As educators, we all know the value of feedback, whether it’s for students or our own personal growth. John Hattie’s analysis of feedback found that it has a 0.70 effect size, which means it has almost twice the growth potential of a regular year of learning for a student. But all of that research assumes that we are doing feedback correctly. As Hattie says, “Feedback is one of the most powerful influences on learning and achievement – if you get it right.”
This four-part blog series will closely examine what research says are the best practices in providing feedback to accelerate learning. We’ll look at what feedback is (and what it isn’t), when it should happen and when it shouldn’t, what must be included to make it relevant and of value, and then provide both tech and non-tech ways to provide it.
What Feedback Is
The purpose of feedback is to help the learner get from where he is currently to where he needs to be. Based on his research, Hattie defines feedback as “information provided by an agent (a teacher, a peer, a book, etc.) about aspects of a student’s (or teacher’s) performance or understanding.” Once the learner receives that feedback, he then has two options: work harder/change something so that he can reach the goal or lower the expectations about the goal. This is one reason why setting realistic goals in the first place is so important.
To begin to provide meaningful, constructive, actionable feedback, the learner must be able to answer these three questions:
- Where am I going? (This describes what the student wants to accomplish.)
- How am I going? (This describes what the student is currently doing.)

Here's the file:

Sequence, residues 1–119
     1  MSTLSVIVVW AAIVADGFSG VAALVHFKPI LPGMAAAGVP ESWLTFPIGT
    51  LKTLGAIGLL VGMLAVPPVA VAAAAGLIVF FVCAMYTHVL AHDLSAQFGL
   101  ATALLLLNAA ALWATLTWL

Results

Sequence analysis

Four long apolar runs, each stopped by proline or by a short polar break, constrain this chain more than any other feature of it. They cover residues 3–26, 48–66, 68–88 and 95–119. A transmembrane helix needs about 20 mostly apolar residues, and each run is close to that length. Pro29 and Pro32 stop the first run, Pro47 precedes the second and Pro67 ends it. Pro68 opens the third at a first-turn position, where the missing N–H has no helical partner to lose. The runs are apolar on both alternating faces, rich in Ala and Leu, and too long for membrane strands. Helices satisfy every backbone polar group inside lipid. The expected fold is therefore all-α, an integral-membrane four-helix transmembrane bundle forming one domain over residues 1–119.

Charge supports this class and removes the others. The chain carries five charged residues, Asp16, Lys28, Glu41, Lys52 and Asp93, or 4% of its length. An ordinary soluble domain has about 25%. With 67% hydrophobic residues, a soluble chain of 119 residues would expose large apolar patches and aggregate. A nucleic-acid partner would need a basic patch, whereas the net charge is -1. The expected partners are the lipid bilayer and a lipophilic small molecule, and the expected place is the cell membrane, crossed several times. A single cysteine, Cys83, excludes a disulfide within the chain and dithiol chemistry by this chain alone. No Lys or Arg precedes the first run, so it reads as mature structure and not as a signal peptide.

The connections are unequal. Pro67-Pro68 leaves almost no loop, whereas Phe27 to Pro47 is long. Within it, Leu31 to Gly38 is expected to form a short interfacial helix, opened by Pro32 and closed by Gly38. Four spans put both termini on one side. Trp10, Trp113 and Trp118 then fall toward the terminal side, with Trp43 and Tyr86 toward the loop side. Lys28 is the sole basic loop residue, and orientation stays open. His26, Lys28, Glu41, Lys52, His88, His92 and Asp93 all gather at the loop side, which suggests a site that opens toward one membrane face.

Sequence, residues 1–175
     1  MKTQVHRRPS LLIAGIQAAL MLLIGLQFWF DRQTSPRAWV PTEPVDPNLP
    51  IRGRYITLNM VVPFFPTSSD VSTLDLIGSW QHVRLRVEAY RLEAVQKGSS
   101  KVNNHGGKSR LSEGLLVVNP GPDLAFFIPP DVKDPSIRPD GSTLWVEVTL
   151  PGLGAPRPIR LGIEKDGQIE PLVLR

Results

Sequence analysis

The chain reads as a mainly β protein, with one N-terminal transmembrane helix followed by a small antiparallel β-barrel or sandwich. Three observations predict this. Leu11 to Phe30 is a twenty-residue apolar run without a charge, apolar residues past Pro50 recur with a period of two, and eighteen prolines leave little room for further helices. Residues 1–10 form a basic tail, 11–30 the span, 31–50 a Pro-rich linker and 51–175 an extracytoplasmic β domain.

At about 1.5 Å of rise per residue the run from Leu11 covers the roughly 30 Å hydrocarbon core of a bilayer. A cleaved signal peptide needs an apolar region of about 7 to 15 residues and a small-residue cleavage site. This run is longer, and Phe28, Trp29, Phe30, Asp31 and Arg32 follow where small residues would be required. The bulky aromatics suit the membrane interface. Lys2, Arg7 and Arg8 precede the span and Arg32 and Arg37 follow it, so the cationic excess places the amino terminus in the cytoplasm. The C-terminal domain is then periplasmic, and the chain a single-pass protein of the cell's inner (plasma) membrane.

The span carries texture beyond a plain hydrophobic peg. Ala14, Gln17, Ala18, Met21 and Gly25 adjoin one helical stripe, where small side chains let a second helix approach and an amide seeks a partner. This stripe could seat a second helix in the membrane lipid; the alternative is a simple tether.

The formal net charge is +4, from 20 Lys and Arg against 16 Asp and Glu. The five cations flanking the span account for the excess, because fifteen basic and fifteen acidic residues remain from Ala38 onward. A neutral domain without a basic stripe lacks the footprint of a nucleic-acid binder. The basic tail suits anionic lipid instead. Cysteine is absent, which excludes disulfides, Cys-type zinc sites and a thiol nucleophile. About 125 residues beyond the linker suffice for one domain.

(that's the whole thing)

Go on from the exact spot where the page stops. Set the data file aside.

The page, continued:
- Where to next? (This guides the student to the next step in meeting his goal.)
Four Levels of Feedback
Hattie defines four different levels of feedback that can be effective in different situations: task, process, self regulation, and self. Each of these levels can be effective at certain learning moments, but also detrimental at the wrong time. The four levels are not hierarchical.
The task level is the most common type of feedback given. It tells how well the learner has performed a specific task, such as finding the main idea of a paragraph or story. Hattie found that 90% of questions posed by teachers are at this level.
Task feedback can be effective when distinguishing correct from incorrect answers; acquiring more or different information; building more surface knowledge; and addressing interpretations, such as what must be corrected for a specific project. But because it doesn’t generalize what the student must do in order to improve across the board, it is not effective over time. Incidentally, task level feedback is often mixed with self feedback. Too much feedback at this level ensures that students focus on the goal rather than the processes.
Prompts that can help students at the task level include:
- Is my answer correct/incorrect?
- How can I elaborate on the answer?
- What did I do well?
- Where did I go wrong?
- What other information is needed to meet the standards?